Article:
Tarzan (1999)

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This movie doesn’t really get the credit it deserves. Released after the end of the so-called “Disney Renaissance”, Tarzan feels like one of those films that is somewhat lost in Disney obscurity. We all remember seeing it, but it’s not one of the films people mention when talking about Disney classics.  Is it because there have been so many various versions of the Tarzan story over the decades that it feels somehow less unique? Was it somehow less marketable to children that the company simply didn’t get as strong a reaction to its release as with other films?  I can’t pinpoint what it is exactly, but there’s just something about Tarzan that causes it to be often overlooked. It’s really a shame because it’s actually incredibly well-done.

We all know the classic story of Tarzan: orphaned boy raised in the jungles of Africa by gorillas. When he encounters humans for the first time in his life, his eyes are opened to a vast new world of possibilities, while he must decide where he truly belongs.  In keeping with this basic storyline, Disney does a terrific job.  Tarzan’s history is set up in the opening scenes, shipwrecked with his parents before they’re killed by a jungle predator, only to be found and taken in by a gorilla who has recently lost her own son.  Tarzan grows up trying desperately to fit in with his adoptive family,  yet nearly everyone around him treats him like an outsider, forcing him to work twice as hard to fit in.  It’s a solid foundation for his backstory, and helps drive the remainder of the film.  It’s also a bit lengthier than some of Disney’s other backstory segments; they focus both on Tarzan as a baby and as a young boy before allowing him to mature to adulthood.  These pauses are necessary to allow the audience to relate to the character and to truly understand the nature of how alone and different he feels. These sentiments would have been lost had the film breezed through these opening scenes.

The story builds up steam when other humans are brought into the picture: Doctor Archimedes Porter, his daughter Jane, and their hired bodyguard Clayton. Each has their own distinct personality (with Clayton being to movie’s main antagonist).  My favorite though is Jane, who is allowed to be spunky and unique, despite the fact that the film is clearly set in the past.

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One of Jane’s earliest scenes is one of my favorites in the whole film, even though it’s only purpose is to facilitate the meeting between Tarzan and Jane. This could have been accomplished any number of ways, but the writers allowed Jane to have personality, attempting to outsmart a monkey who’s stolen one of her drawings, only to have the monkey’s entire family chase her through the jungle.  It’s action and comedy intertwined, helping Jane feel so much more real than had she just been a typical uptight “lady”.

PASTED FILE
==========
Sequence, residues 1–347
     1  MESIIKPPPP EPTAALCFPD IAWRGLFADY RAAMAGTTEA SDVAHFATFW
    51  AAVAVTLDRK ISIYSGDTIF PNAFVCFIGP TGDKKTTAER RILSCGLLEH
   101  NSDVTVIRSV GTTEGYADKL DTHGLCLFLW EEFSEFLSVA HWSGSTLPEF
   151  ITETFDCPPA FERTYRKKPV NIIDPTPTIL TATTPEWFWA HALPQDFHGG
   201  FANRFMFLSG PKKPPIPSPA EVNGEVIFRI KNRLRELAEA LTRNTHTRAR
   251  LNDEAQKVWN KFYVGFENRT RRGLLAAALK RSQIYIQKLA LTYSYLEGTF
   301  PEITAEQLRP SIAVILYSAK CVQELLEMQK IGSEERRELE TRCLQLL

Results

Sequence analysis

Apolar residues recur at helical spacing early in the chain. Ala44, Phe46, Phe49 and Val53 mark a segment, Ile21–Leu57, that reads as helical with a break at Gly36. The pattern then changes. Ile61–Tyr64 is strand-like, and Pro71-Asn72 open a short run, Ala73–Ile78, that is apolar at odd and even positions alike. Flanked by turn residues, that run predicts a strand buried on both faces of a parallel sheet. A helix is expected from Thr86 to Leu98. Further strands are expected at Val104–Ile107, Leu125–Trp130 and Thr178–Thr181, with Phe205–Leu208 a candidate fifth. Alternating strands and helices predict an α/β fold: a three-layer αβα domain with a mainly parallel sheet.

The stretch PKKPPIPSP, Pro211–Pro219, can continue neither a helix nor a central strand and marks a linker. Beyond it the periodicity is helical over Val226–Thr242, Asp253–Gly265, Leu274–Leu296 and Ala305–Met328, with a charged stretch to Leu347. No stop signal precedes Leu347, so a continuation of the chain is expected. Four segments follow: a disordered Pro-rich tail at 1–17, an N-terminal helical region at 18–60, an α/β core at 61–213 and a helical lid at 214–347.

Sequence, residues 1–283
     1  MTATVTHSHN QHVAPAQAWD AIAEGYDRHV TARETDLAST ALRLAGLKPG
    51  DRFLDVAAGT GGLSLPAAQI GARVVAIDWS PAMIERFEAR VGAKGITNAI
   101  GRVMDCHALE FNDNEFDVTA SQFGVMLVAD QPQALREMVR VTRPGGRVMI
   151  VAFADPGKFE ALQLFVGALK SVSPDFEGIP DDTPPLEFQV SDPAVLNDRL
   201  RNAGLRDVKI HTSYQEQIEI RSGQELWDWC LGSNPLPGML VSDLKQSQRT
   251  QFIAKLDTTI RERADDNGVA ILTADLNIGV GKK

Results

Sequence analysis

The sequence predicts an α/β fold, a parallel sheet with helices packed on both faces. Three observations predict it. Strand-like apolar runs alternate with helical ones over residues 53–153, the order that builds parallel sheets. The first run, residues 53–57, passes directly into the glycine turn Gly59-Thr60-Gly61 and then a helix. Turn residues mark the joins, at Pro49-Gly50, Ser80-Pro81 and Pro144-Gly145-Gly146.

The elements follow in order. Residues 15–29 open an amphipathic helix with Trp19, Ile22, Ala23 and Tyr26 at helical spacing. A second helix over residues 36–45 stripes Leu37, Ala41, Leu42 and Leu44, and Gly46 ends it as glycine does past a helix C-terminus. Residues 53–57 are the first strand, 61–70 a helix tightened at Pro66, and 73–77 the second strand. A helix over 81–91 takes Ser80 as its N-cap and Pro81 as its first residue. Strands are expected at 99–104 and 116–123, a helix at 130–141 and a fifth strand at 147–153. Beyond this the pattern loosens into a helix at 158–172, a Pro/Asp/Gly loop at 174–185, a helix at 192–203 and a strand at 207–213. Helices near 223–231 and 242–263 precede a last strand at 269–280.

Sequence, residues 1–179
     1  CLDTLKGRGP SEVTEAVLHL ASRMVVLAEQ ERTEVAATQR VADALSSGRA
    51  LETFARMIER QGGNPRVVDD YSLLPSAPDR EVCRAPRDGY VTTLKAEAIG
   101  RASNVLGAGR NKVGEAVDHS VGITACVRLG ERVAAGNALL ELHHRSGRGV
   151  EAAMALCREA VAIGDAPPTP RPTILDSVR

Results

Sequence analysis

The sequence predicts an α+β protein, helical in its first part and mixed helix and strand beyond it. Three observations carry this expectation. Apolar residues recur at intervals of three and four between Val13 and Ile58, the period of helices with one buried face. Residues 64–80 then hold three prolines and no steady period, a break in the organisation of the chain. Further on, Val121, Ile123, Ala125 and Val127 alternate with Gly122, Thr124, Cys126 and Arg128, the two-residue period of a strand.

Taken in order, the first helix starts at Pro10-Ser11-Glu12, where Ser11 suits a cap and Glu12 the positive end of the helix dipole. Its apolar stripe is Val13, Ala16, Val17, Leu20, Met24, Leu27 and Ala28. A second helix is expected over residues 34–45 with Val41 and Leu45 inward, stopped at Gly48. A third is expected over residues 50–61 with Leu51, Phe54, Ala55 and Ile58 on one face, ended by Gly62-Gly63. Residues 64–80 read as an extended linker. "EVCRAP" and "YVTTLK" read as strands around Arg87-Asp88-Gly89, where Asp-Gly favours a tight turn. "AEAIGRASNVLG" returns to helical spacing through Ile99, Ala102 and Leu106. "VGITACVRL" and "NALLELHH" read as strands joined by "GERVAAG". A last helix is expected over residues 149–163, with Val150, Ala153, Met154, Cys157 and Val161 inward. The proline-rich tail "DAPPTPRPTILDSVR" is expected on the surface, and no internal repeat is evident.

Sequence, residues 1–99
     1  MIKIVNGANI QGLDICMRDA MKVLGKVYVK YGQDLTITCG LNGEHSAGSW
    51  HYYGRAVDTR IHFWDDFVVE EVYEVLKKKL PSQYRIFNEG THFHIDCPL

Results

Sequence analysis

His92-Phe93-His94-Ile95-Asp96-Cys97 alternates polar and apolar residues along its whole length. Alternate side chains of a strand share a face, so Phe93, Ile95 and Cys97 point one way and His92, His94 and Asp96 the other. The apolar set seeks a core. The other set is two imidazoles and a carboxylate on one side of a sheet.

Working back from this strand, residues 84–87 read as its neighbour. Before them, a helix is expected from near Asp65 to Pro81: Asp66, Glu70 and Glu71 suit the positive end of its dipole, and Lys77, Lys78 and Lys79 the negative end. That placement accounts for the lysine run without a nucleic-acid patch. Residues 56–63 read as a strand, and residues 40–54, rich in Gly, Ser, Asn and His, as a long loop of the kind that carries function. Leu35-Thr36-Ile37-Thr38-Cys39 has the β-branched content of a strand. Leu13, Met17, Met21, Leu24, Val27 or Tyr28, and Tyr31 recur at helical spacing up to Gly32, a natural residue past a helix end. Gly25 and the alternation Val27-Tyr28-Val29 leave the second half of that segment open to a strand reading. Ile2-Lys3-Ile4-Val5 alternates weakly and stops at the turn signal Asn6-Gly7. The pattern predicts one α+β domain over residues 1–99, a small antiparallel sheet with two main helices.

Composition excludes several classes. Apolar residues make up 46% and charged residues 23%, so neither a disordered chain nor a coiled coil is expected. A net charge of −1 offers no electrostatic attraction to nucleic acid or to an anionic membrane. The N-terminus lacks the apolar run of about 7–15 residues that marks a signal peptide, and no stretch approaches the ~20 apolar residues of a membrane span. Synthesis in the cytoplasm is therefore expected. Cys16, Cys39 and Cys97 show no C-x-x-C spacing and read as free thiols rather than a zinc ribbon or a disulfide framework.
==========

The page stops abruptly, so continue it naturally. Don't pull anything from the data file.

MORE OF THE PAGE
The main crux of the story is Tarzan deciding where he belongs, in the jungle or in civilization with other humans, while also having to protect gorilla family from Clayton and his band of poachers.  The climactic battle scene is somewhat lengthy, but it helps add to the tension and drama as Tarzan must decide what’s right for him.  Ultimately he decides to stay in the jungle, but at the last second Jane and bewilderingly, her father, decide to stay behind as well.


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This is probably the one part that the film loses me.  It’s all well and good for Tarzan to stay. After all, he knows the jungle, he grew up there. Jane makes a GIANT leap by deciding to stay with him. Has she really thought this through? This is a major lifestyle change to decide on what appears to be a whim.  Goodbye showers, goodbye any modern conveniences you had (whatever those were in the 19th century).  There just isn’t quite enough soul-searching or addressing of the real practicalities of living in the jungle for my liking. She rushes into it a little too prematurely, and ultimately I don’t really like that message for young girls: hey kids, give up everything and just follow around a boy  you’ve only known for a short period of time! I get that Disney is just sticking to the source material, and that the story’s just going for the romance element, but the feminist in me just can’t overlook this.

Ending aside, this is a really well-done film.  People don’t seem to give it the same sort of attention as other films of the period though. In my mind it’s lightyears better than Hunchback of Notre Dame, yet it receives about as much attention as that far inferior film.  Is it because, unlike most other films of the time, this one isn’t a musical? Yes, it has a few songs, but they’re all played over montages; none of the characters sing.  Perhaps that has something to do with it, or perhaps it’s something else entirely.  Whatever it is, I’m glad I revisited this after so many years. It’s a surprisingly good watch, and definitely deserving of a repeat viewing.



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